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the United States; and such laws shall be subject to the revision and control of the Cougress.
No state shall, without the consent of Congress, lay any duty of tonnage, keep troops or ships of war in time of peace, enter into any agreement or compact with another state, or with a foreign power, or engage in war, unless actually invad. ed, or in such imminent danger as will not admit of delay.
Article II. Sect. 1. The executive power shall be vested in a president of the United States of America. He shall hold his office - during the term of four years, and together with the vice-pre
sident, chosen for the same term, be elected as follows: • Each state shall appoint, in such manner as the legislature
thereof may direct, a number of electors equal to the whole number of senators and representatives to which the state may be entitled in the Congress: but no senator or representative, or person holding an office of trust or profit under the United States shall be appointed an elector.
The electors shall meet in their respective states, and vote by ballot for two persons, of whom one at least shall not be an inhabitant of the same state with themselves. And they shall make a list of all the persons voted for, and of the num.ber of votes for each ; which list they shall sign and certify, and transmit, sealed, to the seat of the government of the United States, directed to the president of the senate. The president of the senate shall, in the presence of the senate and house of representatives, open all the certificates, and the votes shall then be counted. The person having the greatest number of votes shall be the president, if such number be a majority of the whole number of electors appointed; and if there be more than one who have such majority, and have an equal number of votes, then the house of representatives shall immediately choose by ballot one of them for president; and if no person have a majority, then from the five highest on the · list the said house shall in like manner choose the president. But in choosing the president, the votes shall be taken by states, the representation from each state having one vote; a quorum for this purpuse shall consist of a member or members from two-thirds of the states, and a majority of all the states shall be necessary to a choice. In every case, after the choice of the president, the person having the greatest number of votes of the electors shall be the vice-president. But if there should remain two or more who have equal votes, the senate shall choose from them by ballot the vice-president.
The Congress may determine the. tiine of choosing the
electors, and the day on which they shall give their votes ; which day shall be the same throughout the United States. • No person except a natural-born citizen, or a citizen of the United States at the time of the adoption of this constitution, shall be eligible to the office of president; neither shall any person be eligible to that office who shall not have attained to the age of thirty-five years, and been fourteen years a resident within the United States.
In case of the removal of the president from office, or of his death, resignation, or inability to discharge the powers and duties of the said office, the same shall devolve on the vicepresident, and the Congress may by law provide for the case of removal, death, resignation, or inability, both of the prea sident and vice-president, declaring what officer shall then act as president, and such officer shall act accordingly, until the disability be removed, or a president shall be elected.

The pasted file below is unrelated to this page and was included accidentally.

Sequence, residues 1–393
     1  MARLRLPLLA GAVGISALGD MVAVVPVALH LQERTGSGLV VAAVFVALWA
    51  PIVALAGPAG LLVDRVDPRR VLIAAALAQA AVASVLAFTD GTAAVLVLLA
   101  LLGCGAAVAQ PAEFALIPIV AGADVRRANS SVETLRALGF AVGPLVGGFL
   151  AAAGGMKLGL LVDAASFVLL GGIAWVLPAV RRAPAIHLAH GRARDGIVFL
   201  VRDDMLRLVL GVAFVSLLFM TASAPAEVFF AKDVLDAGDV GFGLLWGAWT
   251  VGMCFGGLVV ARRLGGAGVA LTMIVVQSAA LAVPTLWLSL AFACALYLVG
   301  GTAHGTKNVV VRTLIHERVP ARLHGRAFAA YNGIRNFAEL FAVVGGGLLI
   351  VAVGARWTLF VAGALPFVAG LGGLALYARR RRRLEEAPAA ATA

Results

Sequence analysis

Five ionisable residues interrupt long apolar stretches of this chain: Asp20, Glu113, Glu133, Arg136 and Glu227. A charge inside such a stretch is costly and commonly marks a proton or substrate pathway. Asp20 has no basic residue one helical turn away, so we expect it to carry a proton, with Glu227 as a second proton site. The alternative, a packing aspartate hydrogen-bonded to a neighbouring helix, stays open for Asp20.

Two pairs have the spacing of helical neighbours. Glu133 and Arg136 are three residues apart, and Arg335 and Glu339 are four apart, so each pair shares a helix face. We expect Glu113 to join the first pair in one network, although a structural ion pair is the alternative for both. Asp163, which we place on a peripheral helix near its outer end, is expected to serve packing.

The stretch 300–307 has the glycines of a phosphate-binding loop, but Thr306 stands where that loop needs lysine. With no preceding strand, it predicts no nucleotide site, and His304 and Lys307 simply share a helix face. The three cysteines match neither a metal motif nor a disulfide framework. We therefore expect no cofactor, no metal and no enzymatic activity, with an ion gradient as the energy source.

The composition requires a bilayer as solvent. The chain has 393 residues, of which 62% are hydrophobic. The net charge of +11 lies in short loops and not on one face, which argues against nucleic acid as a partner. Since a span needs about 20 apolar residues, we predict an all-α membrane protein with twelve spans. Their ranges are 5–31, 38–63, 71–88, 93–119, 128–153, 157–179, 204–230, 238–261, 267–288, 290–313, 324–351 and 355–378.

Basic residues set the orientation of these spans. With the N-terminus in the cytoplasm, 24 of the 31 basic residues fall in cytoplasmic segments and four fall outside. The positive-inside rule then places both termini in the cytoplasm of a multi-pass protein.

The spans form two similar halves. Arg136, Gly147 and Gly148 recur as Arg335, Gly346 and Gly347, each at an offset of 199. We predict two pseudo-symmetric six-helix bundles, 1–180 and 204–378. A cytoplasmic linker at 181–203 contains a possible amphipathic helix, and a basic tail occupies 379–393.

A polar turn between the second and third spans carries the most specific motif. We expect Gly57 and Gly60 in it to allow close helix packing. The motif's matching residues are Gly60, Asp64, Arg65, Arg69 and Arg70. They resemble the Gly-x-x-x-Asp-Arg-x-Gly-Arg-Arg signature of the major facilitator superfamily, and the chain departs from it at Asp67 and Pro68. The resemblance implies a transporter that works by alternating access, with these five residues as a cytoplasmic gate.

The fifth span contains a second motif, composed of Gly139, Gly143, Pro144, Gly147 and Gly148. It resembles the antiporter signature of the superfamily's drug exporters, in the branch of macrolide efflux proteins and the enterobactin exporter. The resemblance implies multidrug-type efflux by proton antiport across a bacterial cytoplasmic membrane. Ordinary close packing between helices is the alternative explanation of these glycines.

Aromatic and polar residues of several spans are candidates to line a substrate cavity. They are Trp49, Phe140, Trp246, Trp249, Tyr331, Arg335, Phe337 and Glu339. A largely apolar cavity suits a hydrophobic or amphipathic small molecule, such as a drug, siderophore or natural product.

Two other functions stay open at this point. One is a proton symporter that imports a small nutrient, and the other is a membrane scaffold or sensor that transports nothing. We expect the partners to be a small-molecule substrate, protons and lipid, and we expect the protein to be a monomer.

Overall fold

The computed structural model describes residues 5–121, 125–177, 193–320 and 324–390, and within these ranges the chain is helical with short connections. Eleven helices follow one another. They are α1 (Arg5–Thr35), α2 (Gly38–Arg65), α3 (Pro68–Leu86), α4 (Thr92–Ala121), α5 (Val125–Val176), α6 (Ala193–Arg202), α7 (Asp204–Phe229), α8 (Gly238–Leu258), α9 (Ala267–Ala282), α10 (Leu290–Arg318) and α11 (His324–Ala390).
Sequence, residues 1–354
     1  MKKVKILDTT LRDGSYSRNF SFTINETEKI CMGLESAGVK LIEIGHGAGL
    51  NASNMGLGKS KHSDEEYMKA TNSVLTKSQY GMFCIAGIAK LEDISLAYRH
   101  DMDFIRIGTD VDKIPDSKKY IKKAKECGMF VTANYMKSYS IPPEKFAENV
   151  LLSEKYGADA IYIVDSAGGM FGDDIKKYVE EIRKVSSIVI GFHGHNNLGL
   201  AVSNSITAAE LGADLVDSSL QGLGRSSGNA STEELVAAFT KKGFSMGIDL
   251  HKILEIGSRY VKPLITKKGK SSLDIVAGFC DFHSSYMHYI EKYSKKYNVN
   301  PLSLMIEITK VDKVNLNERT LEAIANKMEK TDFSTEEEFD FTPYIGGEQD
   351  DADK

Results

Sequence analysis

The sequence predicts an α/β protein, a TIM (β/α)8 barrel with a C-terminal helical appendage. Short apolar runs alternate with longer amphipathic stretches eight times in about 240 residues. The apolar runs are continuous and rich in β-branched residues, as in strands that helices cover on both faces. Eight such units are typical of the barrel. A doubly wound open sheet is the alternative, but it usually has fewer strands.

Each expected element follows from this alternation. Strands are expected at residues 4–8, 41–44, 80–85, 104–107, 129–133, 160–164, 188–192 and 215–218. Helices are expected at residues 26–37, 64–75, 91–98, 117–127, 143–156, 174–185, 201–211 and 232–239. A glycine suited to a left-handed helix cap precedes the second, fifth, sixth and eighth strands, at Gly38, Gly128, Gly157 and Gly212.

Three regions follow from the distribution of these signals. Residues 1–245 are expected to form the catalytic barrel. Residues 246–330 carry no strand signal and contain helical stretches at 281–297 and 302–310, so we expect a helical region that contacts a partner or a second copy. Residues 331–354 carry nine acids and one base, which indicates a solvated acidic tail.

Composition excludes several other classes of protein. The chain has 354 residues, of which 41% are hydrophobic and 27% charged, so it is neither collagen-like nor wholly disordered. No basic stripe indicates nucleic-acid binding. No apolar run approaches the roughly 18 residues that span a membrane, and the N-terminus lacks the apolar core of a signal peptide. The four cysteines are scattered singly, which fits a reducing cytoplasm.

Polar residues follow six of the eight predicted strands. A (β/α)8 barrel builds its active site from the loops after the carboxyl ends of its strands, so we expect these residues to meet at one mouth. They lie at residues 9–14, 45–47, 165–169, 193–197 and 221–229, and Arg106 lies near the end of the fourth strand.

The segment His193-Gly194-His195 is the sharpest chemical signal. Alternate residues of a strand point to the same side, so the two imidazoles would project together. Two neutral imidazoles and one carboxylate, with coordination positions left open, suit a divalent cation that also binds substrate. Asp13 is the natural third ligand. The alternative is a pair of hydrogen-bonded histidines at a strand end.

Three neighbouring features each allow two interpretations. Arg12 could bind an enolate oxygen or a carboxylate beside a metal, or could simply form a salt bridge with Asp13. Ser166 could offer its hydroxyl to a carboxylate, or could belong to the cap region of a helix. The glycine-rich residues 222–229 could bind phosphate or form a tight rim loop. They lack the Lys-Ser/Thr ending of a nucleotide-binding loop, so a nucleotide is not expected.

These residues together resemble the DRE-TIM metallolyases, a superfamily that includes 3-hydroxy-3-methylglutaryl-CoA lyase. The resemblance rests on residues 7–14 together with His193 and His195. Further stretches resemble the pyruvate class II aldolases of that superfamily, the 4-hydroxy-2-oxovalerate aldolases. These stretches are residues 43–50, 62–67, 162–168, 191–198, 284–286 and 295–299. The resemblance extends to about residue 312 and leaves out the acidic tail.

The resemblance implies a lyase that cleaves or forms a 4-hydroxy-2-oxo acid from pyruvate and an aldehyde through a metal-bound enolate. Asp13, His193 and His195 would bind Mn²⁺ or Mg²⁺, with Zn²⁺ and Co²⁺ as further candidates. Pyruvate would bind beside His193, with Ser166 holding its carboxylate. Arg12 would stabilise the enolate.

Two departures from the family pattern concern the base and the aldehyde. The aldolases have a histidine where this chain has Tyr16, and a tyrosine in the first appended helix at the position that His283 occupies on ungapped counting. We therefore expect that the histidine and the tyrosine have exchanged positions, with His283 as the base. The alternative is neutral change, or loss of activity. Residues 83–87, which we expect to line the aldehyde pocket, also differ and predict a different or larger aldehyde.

The president shall, at stated times, receive for his services · a compensation, which shall neither be increased nor diminished during the period for which he shall have been elected, and he shall not receive within that period any other emolument from the United States, or any of them.
Before he enter on the execution of his office, he shall take the following oath or affirmation: *“ I do soleninly swear (or affirm) that I will faithfully execute the office of president of the United States, and will to the best of my ability, preserve, protect and defend the constitution of the United States."
Sect. 2. The president shall be commander-in-chief of the army and navy of the United States, and of the militia of the several states, when called into the actual service of the United States; he may require the opinion, in writing, of the principal officer in each of the executive departments, upon any subject relating to the duties of their respective offices; and he shall have power to grant reprieves and pardons for offences against the United States, except in cases of impeachment.
He shall have power, by and with the advice and consent of the senate, to make treaties, provided two-thirds of the senators present concur; and he shall noininate, and by and with the advice and consent of the senate, shall appoint ambassadors, other public ministers, and consuls, judges of the supreme court, and all other officers of the United States, whose appointments are not herein-otherwise provided for, and which shall be established by law: but the Congress may by law vest, the appointment of such inferior officers, as they
think proper, in the president alone, in the courts of law, or in the heads of departments.
The president shall have power to fill up all vacancies that may happen during the recess of the senate, by granting commissions which shall expire at the end of their next session.
Sect. 3. He shall from time to time give to the Congress informatiou of the state of the union, and recommend to their consideration such measures as he shall judge necessary and expedient; he may, on extraordinary occasions, convene both houses, or either of them, and in case of disagreement between them, with respect to the time of adjournment, he may adjourn them to such time as he shall think proper; he shall receive ambassadors and other public ministers ; he shall take care that the laws be faithfully executed, and shall commission all the officers of the United States.